How to digitize an illustration without losing quality

Digitized hand painted illustration

Do you love drawing and painting and don’t know how to digitize your illustrations? Are they not the same on your computer compared to reality? You are in the right place.

In this post I am going to explain to you how to convert your works of art from analog to digital correctly, without losing quality in them.

Scan Artwork – Scanner Resolution and Color Depth


First of all we have to scan them, to go from a document physical to one digital. There are a multitude of scanners with different characteristics on the market, as well as in print shops. It is important to know them to get the most out of them. It is essential to know the OPTICAL RESOLUTION of the scanner. This determines the number of points in the image that the scanner sensor is able to detect, therefore, the higher the resolution, the higher the image quality. This resolution is measured in dots per inch, DPI or DPI. So that our images can be enlarged without losing quality (in case, for example, we would like to apply them to a quilt), it would be advisable to scan them at 800 DPI. In the event that we are talking about a pattern of images or pattern, in which it is not necessary to enlarge too much, 300 DPI would be enough.

Color depth

Color depth is measured in bits per pixel or BPP. The higher the bit depth, the greater the number of tones that can be represented in an image. Scanners are usually 24-bit, but 32 or 48 bit scanners will generate results that are more faithful to reality.

Retouching Color in Photoshop: CMYK Mode and Levels

CMYK mode

CMYK color mode in Photoshop

After properly scanning our illustration, we are going to open it in Photoshop. First of all we will go to Image> Mode> CMYK Color. The CMYK color mode (Cyan, Magenta, Yellow and Key black / Cyan, Magenta, Yellow and Black) tends to be closer to the colors of analog or manual images, so in this case it would be the most faithful to reality. RGB color mode (Red, Green and Blue / Red, Green and Blue) is the most used in the digital world, because the colors come out much more saturated. If we want to promote our illustrations on the Internet, this mode would be more attractive.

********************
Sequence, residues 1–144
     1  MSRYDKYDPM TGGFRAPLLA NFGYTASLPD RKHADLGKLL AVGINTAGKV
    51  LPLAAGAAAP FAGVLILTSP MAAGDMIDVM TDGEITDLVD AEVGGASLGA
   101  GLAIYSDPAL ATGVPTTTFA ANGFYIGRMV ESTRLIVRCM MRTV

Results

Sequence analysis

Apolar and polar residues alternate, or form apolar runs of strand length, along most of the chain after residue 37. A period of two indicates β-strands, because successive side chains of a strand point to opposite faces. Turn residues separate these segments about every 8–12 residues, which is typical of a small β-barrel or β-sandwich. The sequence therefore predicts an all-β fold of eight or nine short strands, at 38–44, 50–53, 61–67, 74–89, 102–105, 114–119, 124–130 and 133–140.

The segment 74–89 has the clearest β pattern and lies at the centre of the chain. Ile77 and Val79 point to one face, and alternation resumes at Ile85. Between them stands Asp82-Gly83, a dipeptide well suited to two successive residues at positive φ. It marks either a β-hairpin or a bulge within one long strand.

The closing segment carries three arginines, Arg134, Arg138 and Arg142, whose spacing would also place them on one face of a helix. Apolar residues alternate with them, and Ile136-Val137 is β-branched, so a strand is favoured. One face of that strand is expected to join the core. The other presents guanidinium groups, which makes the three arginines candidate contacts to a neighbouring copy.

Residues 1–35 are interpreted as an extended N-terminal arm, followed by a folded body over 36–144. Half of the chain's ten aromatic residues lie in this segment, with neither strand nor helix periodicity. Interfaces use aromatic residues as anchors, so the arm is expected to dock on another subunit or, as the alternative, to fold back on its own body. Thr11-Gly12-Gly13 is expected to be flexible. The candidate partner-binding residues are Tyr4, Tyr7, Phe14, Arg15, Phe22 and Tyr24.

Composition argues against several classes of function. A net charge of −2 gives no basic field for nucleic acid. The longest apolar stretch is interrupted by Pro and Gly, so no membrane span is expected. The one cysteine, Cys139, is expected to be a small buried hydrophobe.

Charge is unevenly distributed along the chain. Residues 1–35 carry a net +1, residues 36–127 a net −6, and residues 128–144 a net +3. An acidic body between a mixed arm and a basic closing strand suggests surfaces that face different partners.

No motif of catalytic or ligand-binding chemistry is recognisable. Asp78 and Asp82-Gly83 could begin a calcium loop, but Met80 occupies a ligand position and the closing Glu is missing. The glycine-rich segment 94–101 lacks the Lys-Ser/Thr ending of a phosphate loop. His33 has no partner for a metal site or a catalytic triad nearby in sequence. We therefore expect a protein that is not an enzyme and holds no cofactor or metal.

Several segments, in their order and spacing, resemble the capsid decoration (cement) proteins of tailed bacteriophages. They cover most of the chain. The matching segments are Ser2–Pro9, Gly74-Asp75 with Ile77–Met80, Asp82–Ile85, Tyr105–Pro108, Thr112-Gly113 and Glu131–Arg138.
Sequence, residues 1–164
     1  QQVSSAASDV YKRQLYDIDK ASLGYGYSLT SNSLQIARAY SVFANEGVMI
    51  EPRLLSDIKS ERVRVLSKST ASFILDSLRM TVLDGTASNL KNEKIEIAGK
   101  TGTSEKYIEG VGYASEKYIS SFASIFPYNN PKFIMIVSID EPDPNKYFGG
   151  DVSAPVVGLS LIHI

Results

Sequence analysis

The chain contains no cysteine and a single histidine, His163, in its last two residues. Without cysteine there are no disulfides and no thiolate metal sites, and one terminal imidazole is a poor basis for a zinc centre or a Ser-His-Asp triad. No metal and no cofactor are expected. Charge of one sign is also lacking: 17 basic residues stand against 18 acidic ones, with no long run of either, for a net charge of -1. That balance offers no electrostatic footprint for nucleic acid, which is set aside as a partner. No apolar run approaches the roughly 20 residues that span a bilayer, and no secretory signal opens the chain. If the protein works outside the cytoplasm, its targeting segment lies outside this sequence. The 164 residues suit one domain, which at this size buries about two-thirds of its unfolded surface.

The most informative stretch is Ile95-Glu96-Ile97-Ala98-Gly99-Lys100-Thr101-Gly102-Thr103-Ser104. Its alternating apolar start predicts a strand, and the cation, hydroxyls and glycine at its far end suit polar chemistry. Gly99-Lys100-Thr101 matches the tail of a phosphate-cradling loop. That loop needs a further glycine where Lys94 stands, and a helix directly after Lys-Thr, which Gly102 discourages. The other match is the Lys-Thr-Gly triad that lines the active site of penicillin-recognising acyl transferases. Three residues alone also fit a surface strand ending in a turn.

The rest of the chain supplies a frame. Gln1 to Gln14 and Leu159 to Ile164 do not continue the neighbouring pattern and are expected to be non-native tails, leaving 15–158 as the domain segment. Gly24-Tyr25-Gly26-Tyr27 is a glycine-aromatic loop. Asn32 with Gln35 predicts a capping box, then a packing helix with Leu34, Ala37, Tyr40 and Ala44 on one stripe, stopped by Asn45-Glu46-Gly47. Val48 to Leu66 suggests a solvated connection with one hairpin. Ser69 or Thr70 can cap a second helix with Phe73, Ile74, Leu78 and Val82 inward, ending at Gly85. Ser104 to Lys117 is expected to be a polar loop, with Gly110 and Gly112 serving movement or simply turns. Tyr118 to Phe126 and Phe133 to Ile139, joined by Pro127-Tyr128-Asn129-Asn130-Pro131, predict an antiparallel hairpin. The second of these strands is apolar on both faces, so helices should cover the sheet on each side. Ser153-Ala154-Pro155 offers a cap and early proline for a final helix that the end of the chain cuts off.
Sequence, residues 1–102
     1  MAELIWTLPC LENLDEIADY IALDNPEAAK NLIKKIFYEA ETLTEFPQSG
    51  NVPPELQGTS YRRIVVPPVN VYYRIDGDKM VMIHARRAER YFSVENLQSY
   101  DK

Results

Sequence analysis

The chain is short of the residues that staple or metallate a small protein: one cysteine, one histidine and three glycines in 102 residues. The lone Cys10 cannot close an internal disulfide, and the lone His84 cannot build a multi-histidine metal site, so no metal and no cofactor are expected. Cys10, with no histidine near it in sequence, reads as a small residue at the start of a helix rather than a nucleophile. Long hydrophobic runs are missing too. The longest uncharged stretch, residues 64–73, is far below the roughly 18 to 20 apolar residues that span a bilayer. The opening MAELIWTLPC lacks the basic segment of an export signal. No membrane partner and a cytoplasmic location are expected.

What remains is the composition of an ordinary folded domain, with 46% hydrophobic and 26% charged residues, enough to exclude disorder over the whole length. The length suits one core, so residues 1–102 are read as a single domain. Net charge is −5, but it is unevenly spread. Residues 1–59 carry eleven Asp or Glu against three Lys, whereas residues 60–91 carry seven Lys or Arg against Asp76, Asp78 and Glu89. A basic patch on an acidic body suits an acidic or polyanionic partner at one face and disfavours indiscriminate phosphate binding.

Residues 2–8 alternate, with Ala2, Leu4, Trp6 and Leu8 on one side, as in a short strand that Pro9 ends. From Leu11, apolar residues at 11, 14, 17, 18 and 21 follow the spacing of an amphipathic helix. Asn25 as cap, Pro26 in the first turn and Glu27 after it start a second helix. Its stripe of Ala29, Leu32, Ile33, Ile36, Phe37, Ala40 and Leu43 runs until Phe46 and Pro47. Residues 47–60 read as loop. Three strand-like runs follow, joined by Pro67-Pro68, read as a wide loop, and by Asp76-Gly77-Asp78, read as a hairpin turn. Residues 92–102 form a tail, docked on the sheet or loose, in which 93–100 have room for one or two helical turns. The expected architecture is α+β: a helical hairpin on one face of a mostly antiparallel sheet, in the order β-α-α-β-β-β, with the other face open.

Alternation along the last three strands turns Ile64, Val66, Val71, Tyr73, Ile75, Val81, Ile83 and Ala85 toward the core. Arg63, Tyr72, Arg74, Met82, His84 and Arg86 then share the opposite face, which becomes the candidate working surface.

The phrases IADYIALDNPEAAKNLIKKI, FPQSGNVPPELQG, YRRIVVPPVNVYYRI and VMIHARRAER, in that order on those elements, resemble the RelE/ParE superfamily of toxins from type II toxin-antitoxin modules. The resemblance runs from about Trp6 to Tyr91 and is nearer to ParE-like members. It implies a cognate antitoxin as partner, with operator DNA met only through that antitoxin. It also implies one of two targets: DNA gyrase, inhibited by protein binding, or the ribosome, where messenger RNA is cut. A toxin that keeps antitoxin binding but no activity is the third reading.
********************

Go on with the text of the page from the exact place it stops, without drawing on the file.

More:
But if we want to print them on a product, working with the CMYK mode will be more appropriate, since printers usually use this mode (for this reason it is very common that, for example, when going to print a photograph, it loses its color, since we usually take them in RGB and the printer works in CMYK, so if we retouch it previously in this mode, it guarantees that there is no color loss).


Using levels in Photoshop

It is convenient to use the Levels. We can increase the two levels on the left and decrease the one on the rightIn this way we will clarify the background of the image and highlight its colors.

How to change image background in Photoshop?

Create a new file

Create a new file in Photoshop

Then let’s highlight your drawing changing the background. For this we will start by creating a new document in Photoshop: File> New. In the new file we will continue to use the same color mode used previously. We are going to choose a colorful background color, which contrasts with our illustration. For this we will use the color picker (we press the two color squares of the program), choosing the one we want. To apply it, click on the tool paint pot and then on the file, which will be colored.

Selecting the background color in Photoshop

Using the magic wand

Using the magic wand in Photoshop

Having already prepared our background, we return to the drawing document, and we select the Magic Wand tool. Then we click on the DRAWING BACKGROUND. If it did not include our drawing in its entirety, we would have to increase the TOLERANCE value, which is shown in the upper bar of the program.

We press Selection> Invert, leaving only our selected drawing, without a background.

Behind this: Edit> Copy. We return to the new colored background and Edit> Paste.

We already have our featured image with its new background!

We hope that from now on you can digitize your masterpieces more easily.

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